Don't miss

Replay


LATEST SHOWS

FOCUS

Could Pakistan be your next holiday destination?

Read more

THE POLITICAL BRIEF

Defeated presidential candidate Fillon bids farewell to French politics

Read more

INSIDE THE AMERICAS

Charles Manson: Murderer and cult leader dies after 47 years in prison

Read more

PEOPLE & PROFIT

Bricks vs. clicks: Will e-commerce finish off the high street shop?

Read more

ENCORE!

Eastwood & Gainsbourg: Can the children of geniuses step out from their famous shadows?

Read more

FRENCH CONNECTIONS

Is France a chain-smoking nation?

Read more

IN THE PAPERS

'I got the power': Womanspreading takes hold of social media (and maybe 2018)

Read more

IN THE PAPERS

What a story! France investigating Russian billionaire senator over tax fraud

Read more

BUSINESS DAILY

US retailers gear up for post-Thanksgiving splurge

Read more

Teachers march against government cuts

Latest update : 2008-10-20

Thousands of French teachers marched in Paris on Sunday to protest against President Nicolas Sarkozy's reform proposals for the national education system, which include slashing 13,500 jobs and modifying school district zones.

Tens of thousands of protestors marched in Paris on Sunday to press demands that the French government scrap proposed education cuts and invest in schools as the best way to confront the financial crisis.
  
Organisers of the national day of protest said 80,000 people took part in the march but police put the figure at 32,000.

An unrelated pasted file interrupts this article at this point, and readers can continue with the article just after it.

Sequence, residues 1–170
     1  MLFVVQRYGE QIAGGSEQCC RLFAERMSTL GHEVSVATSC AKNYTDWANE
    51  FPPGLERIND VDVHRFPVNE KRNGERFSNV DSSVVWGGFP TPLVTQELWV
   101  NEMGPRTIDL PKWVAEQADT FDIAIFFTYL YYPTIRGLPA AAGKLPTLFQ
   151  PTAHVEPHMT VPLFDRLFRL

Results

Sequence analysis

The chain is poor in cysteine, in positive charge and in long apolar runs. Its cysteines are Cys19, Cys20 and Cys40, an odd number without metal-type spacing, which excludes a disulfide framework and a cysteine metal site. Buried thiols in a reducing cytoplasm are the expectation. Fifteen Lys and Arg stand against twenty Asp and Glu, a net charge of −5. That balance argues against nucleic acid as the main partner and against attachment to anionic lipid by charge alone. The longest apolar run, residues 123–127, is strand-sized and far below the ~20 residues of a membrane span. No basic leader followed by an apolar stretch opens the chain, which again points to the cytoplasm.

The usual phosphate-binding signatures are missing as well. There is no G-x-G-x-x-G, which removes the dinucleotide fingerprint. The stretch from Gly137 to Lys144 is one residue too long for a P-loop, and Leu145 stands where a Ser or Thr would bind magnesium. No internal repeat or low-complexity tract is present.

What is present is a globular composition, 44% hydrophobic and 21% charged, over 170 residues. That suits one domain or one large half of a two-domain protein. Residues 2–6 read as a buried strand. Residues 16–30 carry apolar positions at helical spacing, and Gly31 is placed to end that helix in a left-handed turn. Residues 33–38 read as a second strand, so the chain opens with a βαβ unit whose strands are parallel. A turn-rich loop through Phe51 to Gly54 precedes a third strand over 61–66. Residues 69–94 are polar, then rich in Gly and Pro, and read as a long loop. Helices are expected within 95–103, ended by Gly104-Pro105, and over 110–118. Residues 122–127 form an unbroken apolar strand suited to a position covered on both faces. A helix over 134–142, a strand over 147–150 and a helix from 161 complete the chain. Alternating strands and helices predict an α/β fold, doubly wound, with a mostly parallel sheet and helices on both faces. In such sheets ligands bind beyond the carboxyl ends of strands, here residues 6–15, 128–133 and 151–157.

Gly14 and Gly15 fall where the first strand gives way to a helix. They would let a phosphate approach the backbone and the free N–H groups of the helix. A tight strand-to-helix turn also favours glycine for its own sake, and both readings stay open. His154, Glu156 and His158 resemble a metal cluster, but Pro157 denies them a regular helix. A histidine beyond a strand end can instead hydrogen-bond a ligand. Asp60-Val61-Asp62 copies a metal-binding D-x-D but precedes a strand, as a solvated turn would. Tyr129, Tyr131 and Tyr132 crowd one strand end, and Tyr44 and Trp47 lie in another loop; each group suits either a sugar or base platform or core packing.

Shouting slogans like "Banks or education: I've made my choice!" and "Investing in schools is our future", the protestors -- mostly teachers and students -- accused the government of failing to make education a priority.
  
The protest was held a few weeks before parliament is to begin debate on the education budget for 2009, which provides for 13,500 job cuts.
  
Close to 20,000 jobs were slashed in 2007 and 2008 under President Nicolas Sarkozy's plan to trim the civil service by not replacing many of the retiring employees.
  
Higher Education Minister Valerie Pecresse said the protest was "unjustified and out of sync" with reality.
  
"Education today is the top priority of the government," she said.
  
The protest was organised by 47 organisations -- parent's associations, teachers' unions and others -- in the latest show of force against the budget cuts.
  
Leading politicians in the opposition Socialist Party took part including Paris Mayor Betrand Delanoe who is the frontrunner to win the party leadership next month.
  
"This is a matter of urgency. Education is in jeopardy," Delanoe said.
  
Sarkozy campaigned for the presidency last year on a plan to trim down the civil service as part of a broader plan to overhaul the state and bring down public spending.
  

Date created : 2008-10-19

COMMENT(S)